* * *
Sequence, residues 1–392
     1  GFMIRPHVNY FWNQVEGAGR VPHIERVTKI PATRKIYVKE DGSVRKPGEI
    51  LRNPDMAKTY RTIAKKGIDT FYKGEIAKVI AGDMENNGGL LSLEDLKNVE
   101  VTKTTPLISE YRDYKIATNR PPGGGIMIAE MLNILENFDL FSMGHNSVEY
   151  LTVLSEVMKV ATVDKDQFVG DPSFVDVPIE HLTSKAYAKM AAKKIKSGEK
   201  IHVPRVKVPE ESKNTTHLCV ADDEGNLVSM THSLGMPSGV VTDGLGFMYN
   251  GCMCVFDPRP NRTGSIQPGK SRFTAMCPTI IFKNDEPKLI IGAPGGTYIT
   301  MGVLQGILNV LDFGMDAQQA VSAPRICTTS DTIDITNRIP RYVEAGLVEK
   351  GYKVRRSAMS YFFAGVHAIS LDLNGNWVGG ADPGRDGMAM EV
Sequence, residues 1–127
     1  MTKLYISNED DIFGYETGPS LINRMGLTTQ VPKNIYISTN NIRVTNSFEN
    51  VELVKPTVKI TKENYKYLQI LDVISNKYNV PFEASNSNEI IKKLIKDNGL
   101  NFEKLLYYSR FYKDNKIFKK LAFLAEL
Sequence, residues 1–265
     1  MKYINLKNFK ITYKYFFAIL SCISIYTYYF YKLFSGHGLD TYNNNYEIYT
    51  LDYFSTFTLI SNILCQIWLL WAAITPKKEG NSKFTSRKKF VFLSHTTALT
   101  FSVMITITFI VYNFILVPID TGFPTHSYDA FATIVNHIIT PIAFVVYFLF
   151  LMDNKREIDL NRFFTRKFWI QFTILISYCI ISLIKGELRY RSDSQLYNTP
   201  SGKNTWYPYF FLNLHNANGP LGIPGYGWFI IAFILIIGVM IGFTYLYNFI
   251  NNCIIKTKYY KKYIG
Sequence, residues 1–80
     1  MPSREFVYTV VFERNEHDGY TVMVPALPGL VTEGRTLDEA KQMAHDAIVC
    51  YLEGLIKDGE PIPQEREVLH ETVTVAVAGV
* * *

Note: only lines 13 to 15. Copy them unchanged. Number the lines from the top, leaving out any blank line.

   101  NFEKLLYYSR FYKDNKIFKK LAFLAEL
Sequence, residues 1–265
     1  MKYINLKNFK ITYKYFFAIL SCISIYTYYF YKLFSGHGLD TYNNNYEIYT